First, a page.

More stalkers walk free from court despite numbers of cases tripling
Eight out of 10 people accused of stalking are not charged despite reported cases to the police having tripled in four years.
Home Office statistics show that of the 10,214 stalking allegations made in England and Wales in the financial year to 2018, only 1,822 resulted in a suspect being charged.
It means just 19.6 per cent of the 9,283 cases where an ‘outcome’ was recorded ended in a charge, a dramatic drop compared to 2015 when 40.6 per cent - 885 - of the 2,181 cases resulted in the alleged suspect being taken to court.
Official figures also show the number of cases dropped because “the victim does not support action” has soared from 16.4 per cent in 2015, when 358 women abandoned their stalking allegations, to 37.7 per cent to March 2018, when 3,503 cases were dropped by the accuser.
Women’s charities and relatives of those murdered by stalkers insisted the data proved police were failing to take the crime seriously, adding that victims were often scared to pursue a case because courts failed to lock offenders up.
Patricia Bernal, whose daughter Clare was shot dead in Harvey Nichols after her stalker was repeatedly released by the courts, said: “Fourteen years after my daughter’s death, stalkers are continuing to be freed by the courts that fail to recognise the danger signs of obsessive and fixated behaviour.
“These figures show the judicial system and police must take this crime more seriously.”
Mrs Bernal co-founded Protection Against Stalking which campaigns for a review of sentencing guidelines for stalkers and is calling for mandatory psychiatric treatment for offenders.
Government statistics show 119 of the 212 convicted and sentenced stalkers in 2017 were freed - 81 were given a suspended sentence, 34 given community service, and four fined or given a conditional discharge. That compares with just 85 who were jailed.
Despite the maximum jail term for stalking being increased in 2017 from five to 10 years’ imprisonment, no one received the maximum term. Two stalkers got four years, with the majority - 24 people - being jailed between a year and 18 months.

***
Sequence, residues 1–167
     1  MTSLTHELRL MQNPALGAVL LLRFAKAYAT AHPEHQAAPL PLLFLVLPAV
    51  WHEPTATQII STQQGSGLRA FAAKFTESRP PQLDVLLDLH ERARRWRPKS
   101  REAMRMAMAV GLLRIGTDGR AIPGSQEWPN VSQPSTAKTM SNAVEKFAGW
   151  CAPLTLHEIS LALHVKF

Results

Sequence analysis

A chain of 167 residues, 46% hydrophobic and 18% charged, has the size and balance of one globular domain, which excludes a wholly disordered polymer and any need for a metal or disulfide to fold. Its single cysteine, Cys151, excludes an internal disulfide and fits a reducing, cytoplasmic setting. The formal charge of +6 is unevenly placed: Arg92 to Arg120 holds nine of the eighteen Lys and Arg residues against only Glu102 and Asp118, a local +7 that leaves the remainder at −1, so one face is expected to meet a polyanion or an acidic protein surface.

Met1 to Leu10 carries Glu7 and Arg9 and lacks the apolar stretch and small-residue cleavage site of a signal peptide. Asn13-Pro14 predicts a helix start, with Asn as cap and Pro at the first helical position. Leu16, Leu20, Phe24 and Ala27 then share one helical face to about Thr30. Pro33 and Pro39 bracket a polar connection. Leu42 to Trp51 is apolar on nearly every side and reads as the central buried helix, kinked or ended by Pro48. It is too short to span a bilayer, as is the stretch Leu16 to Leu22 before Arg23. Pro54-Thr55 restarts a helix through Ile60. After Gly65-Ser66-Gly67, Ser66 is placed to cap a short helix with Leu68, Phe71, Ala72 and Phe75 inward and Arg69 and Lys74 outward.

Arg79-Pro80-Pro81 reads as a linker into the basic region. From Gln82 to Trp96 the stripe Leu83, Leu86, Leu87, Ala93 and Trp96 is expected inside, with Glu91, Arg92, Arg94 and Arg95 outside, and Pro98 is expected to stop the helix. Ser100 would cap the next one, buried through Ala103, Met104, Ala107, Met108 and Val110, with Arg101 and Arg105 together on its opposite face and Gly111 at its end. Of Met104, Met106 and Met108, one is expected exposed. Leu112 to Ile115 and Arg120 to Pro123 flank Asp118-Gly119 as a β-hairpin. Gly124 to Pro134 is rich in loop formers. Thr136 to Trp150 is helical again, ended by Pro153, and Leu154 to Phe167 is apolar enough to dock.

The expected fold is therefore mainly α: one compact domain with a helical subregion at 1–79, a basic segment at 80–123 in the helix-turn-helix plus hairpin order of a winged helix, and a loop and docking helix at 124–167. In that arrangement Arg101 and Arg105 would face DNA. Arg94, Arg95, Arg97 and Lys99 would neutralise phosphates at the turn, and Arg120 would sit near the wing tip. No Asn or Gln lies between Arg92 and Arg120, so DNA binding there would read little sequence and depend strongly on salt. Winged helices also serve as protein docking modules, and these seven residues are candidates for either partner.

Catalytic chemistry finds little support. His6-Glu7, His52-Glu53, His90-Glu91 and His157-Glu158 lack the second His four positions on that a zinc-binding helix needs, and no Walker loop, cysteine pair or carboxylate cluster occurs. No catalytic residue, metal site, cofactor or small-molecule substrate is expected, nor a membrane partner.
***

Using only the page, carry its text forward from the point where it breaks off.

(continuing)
Last month, Christof King received a nine-month sentence suspended for two years after stalking BBC TV presenter Christine Lampard and sending messages about her gravestone and a planned crucifixion.
Victoria Charleston, policy manager at the Suzy Lamplugh Trust, said callers to its helpline often claim officers say they will “keep the report on file until next time,” with the majority of cases being incorrectly charged as harassment.
“For criminal justice professionals, it’s easier to prove harassment compared to stalking. But, there are important differences. The offenders’ behaviour may appear the same, but stalkers are motivated by fixation and obsession. If wrongly convicted of harassment, the offender won’t get the help they need, and the victim is not entitled to better protection.
“While these statistics show people are coming forward to report stalking, they reveal the police and Crown Prosecution Service don’t always move to charge, or charge correctly.”
Katie Ghose, Women’s Aid chief executive, said the “drastic rise” in the number of women who had reported stalkers then not supported further action was “shocking”, adding that police needed stalking and domestic abuse training.
“We know it can take women a lot of courage to report stalking, and they are often too afraid to go ahead with a court case, especially if the perpetrator is an abusive and controlling former partner. There is a real fear of the consequences of retribution - on average, two women a week are killed by their current or former partner in England and Wales.
“It is clear that more needs to be done to give victims the confidence they will be listened to, believed and supported when they report stalking and go through the court process."
Laura Richards, of Paladin, a stalking advocacy service, said there was a "real challenge" to get the police to identify stalking, record it and investigate it.
"If they don’t believe a victim or take it seriously they don’t investigate it or collect the evidence," she said. "Victims fear the perpetrator, fear the process, fear police making it worse - kicking the hornets nest - and having to give evidence.https://paladinservice.co.uk/
"Again the challenge here is that the judiciary are not trained to understand stalking and therefore they handout light touch sentences. This often make matters worse and the stalker continues with their fixated behaviour."
Deputy Chief Constable Paul Mills, the National Police Chiefs’ Council lead on stalking and harassment, said there were plans for all officers to receive updated training on stalking, in particular about how to identify it from harassment.
A Ministry of Justice spokesperson said the Government had taken “tough action” and new sentencing guidelines will encourage courts to properly punish offenders.
A Home Office spokeswoman said the increase in recorded offences was due to an improvement in the way police crimes and showed more victims were coming forward.